Adults are still learning how to cope with the new challenges of working from home during the pandemic. So are students who are still trying to navigate distance learning.
When Staying More Time Home Doesn’t Guarantee Rest
When parents struggle to set boundaries between work hours and household responsibilities, children and teens are having trouble keeping a schedule. Before the pandemic hit the world, students often relied on their everyday routine, such as waking up for school at a set time.
Today, distance learning has provided students the freedom to do their homework wherever and whenever they deem convenient. For some, they view quarantine measures and distance learning as extended weekends. On the upside, they’re spending more time doing what they love with their family. The downside is that they’re staying up longer. With their circadian rhythm thrown off balance, the result is the sleep that is less than the recommended eight to ten hours.
Stanford Medicine considers sleep deprivation as an epidemic among teens, and this doesn’t bode well, especially during a pandemic. The novel coronavirus has already brought in a lot of stressors, from struggling economies to job insecurity. These frustrations caused by an uncertain future can be compounded and lead to even bigger issues when children aren’t getting the rest they need.
Students who don’t get enough sleep, whether they’re teens or preteens, can suffer various negative consequences. Chief among these issues are:
- Inability to focus
- Difficulty learning
- Low motivation
- Hazards caused by drowsiness
- Poor performance in school
The effects are arguably worse with younger children. According to a 2017 study by a Harvard Medical School pediatrician, lack of sleep among children in preschool or early school age increases the risk of poor neurobehavioral function. That includes attention, emotional control, and peer relationships.
When Counting Sheep Doesn’t Work
If you have a child or teen at home who is having a rough time getting enough sleep, it’s best to have them return to a healthy sleeping schedule. Here’s how you can help:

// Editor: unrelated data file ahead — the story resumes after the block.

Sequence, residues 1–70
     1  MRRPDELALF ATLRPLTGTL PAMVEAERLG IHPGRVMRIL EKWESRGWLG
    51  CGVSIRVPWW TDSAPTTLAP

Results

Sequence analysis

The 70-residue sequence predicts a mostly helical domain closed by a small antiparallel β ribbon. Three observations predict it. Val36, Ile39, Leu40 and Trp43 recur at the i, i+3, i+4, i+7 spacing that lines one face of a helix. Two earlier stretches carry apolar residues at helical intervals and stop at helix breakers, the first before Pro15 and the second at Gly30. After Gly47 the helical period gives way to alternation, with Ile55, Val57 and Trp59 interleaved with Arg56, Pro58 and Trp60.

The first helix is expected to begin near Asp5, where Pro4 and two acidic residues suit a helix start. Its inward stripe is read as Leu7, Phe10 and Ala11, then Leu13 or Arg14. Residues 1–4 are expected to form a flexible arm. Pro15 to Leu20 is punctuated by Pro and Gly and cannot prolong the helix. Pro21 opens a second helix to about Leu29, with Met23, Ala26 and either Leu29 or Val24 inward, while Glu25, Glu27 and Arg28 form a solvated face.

- Invest in a new bed
Disrupted schedules notwithstanding, when people don’t feel well-rested when they wake up, it’s more likely their current bed is causing issues. Research has proven that a new mattress can improve sleep quality and even reduce stress. A study from Oklahoma State University revealed that the research participants who slept on old mattresses (five to nine years old) experienced discomfort. But when they moved to a new bed, the results were staggering; they reported a 55 percent improvement in sleep quality and a 48 percent increase in back pain relief.
To know if your child’s bed is still good, check for lumps and sags. If these are present, they’re signs that your child’s bed is already worn out and needs to be changed.
- Designate a spot for class and work
One rule in sleep hygiene is using the bedroom just for sleep, not work. This trick works for all ages, as the mind links certain places with specific activities. By training your child’s mind to associate the bedroom for rest and a dedicated spot for wake-related activities, you can help them set boundaries.
- Set the mood
If you have leftover paint, repainting your child’s room can have tremendous benefits. Colors play a huge role in soothing the mind and body. Choose neutral hues or pastel colors, and avoid high-contrast palettes. Lighting is also essential, and you don’t even have to spend money on fancy light fixtures. Simple light bulbs that are not too yellow or too blue can help. Also, letting in natural light by simply opening your windows can improve your child’s body clock.
- Encourage exercise
If there are ideal hours of sleep, there are also suggested hours for physical activity. For children, the Centers for Disease Control and Prevention (CDC) recommends 60 minutes of daily exercise. That can be in the form of shooting hoops or any physical activity your child enjoys. Utilize the things you already have at home and make it a family activity. The more fun it is, the more likely they’ll stick to the habit.
Exercise has been proven to improve slow-wave sleep, the kind of sleep that children and teens need. Given that we are in the middle of a pandemic, outdoor exercises can be done in the backyard to keep physical distancing measures.
When Symptoms Persist
The National Sleep Foundation says that sleep is an essential function in boosting your child’s physical and mental health during this pandemic.
If your child or teen is still struggling with sleep deprivation despite all the efforts you have taken, it’s best to consult a physician. Doctors are offering online consultation and virtual visits so that you can still reach them despite quarantine measures. They can guide you and your child in identifying the root causes, managing them, and making the best decisions for improving sleep moving forward.